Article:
Segev’s study is the first to report outcomes after a third dose of vaccine, and it’s part of a broader discussion about whether and when to offer extra doses to vulnerable individuals. In France, health officials in April recommended a third dose for all of the country’s organ recipients. Because of that policy shift, 383 kidney transplant recipients at Strasbourg University Hospital have received a third dose of Moderna’s mRNA vaccine, and doctors have antibody results for 184 of them. Although the results aren’t yet published, they roughly match Segev’s small cohort: Twenty-eight percent of the French patients who had no antibodies after two doses developed them after the third shot, and 82% who had a weak reaction after two shots had a stronger response after the third, says Sophie Ohlmann, a nephrologist at the hospital.
In the United States, people with organ transplants number about 500,000, but they aren’t the only ones worrying about how well the vaccines are working for them—others include people with autoimmune diseases and those with cancer who got COVID-19 vaccines while their immune system was suppressed by chemotherapy. “It wouldn’t surprise me to see that higher doses work, but we have to do it systematically and find out,” says Deepali Kumar, director of transplant infectious diseases at Toronto General Hospital.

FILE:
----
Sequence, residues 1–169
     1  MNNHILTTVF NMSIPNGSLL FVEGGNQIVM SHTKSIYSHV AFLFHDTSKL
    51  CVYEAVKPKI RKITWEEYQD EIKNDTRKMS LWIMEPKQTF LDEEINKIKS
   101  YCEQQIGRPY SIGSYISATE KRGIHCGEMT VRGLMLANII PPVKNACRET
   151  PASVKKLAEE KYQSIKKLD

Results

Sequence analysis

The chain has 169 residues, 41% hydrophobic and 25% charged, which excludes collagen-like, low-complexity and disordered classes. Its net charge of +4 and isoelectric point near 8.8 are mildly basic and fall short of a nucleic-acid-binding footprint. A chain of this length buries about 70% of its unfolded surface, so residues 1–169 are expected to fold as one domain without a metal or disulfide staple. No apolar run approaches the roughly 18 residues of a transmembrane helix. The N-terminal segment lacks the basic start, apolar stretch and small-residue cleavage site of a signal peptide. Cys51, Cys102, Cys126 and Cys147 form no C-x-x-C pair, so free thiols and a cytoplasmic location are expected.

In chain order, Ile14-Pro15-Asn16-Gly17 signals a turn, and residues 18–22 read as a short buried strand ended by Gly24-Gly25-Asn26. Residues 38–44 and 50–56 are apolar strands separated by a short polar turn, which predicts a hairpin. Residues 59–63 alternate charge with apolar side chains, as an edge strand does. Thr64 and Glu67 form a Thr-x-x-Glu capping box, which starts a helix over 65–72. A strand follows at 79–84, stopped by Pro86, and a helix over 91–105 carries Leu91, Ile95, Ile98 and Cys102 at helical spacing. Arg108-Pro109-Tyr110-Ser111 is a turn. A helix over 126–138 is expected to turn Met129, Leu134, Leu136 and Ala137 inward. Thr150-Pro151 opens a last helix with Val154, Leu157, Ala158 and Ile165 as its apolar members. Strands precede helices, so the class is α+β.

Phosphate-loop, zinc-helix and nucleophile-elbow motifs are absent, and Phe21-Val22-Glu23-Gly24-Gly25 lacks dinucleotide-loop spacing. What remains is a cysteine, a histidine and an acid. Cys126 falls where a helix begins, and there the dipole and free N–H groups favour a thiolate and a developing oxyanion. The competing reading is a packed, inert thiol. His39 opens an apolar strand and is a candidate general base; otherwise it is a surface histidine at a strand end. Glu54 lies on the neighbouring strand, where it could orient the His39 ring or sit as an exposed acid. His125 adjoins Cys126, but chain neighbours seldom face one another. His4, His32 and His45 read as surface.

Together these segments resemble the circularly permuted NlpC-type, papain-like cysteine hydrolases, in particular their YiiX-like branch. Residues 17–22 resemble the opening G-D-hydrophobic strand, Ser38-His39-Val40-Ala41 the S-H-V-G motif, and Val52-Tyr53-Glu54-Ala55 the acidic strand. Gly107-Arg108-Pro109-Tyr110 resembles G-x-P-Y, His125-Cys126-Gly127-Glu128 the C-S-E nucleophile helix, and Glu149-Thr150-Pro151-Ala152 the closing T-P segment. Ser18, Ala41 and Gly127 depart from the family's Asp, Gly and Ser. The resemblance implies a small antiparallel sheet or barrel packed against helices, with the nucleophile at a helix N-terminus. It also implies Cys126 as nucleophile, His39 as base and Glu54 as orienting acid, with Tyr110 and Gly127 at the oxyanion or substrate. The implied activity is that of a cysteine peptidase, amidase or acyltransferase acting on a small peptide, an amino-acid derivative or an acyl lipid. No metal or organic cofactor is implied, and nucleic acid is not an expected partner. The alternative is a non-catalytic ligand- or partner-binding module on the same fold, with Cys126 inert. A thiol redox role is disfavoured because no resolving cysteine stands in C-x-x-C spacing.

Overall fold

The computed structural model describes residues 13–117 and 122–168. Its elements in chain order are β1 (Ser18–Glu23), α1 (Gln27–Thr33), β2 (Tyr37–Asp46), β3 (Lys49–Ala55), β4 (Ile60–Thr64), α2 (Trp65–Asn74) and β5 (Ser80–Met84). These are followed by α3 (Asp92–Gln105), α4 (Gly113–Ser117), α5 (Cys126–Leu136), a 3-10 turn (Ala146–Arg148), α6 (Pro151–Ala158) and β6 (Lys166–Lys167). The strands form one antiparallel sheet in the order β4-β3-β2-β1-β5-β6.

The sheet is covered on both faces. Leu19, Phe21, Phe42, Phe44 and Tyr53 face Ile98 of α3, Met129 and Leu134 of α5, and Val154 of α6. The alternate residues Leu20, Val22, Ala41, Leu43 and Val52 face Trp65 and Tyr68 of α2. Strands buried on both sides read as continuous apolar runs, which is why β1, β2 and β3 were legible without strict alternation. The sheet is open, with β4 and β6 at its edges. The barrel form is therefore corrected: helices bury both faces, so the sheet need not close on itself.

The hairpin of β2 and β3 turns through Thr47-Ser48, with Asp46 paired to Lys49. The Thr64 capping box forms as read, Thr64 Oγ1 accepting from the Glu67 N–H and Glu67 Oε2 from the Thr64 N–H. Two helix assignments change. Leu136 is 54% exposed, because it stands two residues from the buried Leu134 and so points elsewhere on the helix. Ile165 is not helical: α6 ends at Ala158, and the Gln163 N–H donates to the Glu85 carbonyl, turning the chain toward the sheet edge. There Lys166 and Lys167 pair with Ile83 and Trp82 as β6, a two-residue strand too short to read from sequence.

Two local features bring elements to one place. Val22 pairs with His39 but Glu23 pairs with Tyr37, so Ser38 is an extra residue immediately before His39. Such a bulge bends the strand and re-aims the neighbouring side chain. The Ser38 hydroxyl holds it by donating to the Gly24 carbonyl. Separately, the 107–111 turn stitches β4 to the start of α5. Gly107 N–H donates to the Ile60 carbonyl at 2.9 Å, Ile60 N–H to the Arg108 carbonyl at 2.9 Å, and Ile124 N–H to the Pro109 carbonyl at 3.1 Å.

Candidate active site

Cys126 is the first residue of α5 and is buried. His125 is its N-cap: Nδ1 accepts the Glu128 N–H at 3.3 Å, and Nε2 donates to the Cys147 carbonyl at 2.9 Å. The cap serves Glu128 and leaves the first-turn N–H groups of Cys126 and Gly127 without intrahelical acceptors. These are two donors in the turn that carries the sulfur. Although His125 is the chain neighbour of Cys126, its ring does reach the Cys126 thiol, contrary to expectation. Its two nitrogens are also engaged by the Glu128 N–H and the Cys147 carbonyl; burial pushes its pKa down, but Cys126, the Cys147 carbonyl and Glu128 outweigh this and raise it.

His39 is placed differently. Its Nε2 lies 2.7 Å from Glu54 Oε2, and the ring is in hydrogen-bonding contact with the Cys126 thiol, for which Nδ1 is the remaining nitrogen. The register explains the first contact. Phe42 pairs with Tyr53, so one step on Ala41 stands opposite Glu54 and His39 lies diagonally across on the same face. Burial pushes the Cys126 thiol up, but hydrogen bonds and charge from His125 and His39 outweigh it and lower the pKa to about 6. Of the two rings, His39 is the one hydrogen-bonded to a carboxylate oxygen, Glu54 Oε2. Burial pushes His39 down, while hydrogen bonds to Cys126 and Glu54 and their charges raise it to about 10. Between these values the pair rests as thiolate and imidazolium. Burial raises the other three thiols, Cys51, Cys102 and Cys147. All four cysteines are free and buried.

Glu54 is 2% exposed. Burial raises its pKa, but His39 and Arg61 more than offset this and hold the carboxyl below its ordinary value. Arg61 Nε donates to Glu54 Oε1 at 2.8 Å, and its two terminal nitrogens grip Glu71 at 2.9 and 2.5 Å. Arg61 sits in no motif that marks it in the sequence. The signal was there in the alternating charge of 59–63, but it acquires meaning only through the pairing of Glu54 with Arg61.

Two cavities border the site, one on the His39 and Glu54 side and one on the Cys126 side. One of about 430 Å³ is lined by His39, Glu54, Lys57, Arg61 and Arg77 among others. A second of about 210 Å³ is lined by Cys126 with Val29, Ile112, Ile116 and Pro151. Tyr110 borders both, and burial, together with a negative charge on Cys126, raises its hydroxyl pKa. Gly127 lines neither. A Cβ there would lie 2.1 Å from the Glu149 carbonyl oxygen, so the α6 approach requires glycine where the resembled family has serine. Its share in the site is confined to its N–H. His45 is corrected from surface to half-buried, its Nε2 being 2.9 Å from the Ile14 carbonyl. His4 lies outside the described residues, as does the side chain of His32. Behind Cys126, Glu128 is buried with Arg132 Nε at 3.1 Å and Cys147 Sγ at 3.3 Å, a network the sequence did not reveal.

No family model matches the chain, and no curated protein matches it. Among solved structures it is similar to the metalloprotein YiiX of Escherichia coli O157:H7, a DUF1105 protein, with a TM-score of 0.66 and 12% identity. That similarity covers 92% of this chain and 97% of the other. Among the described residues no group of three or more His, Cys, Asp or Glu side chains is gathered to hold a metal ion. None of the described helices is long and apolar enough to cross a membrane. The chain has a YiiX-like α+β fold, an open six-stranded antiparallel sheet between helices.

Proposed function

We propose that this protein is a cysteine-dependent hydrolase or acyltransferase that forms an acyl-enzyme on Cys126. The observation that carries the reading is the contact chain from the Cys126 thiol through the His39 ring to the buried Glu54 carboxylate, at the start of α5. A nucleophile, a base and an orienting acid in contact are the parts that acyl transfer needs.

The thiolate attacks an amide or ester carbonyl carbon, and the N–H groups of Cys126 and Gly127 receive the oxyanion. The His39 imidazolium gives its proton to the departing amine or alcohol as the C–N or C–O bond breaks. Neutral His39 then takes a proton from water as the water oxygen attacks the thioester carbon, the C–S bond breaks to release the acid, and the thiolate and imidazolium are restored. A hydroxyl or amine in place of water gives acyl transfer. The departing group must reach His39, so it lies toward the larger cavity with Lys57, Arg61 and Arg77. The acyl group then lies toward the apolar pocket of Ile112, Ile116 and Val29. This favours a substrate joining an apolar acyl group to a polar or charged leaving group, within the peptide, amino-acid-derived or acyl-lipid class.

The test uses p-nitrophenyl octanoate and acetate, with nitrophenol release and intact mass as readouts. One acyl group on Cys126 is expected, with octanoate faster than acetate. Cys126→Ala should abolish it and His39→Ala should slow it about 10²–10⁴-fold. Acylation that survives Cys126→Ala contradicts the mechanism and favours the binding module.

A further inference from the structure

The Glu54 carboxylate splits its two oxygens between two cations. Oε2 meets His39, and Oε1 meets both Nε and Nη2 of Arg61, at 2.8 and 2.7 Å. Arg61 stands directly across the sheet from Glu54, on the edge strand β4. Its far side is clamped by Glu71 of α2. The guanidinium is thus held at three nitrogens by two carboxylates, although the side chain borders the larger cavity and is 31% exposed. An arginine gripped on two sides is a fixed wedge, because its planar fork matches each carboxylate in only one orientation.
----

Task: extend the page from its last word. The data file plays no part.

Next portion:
She argues that clinical trials studying third doses are crucial to provide clarity on ideal timing and potential risks in vulnerable populations. One of her concerns is whether an extra dose of vaccine, which revs up the immune system, could induce rejection of a donated organ; in Segev’s study, a heart transplant patient had a mild rejection episode 1 week after her third dose, though doctors can’t say whether it was linked to the additional dose. She recovered without incident.
Kumar expects results in July from a clinical trial she’s running in 120 transplant patients, only about one-third of whom had any antibodies after two doses of Moderna’s vaccine. The trial provided one-half of all participants a third dose 2 months after their second shot, and the rest got a placebo injection.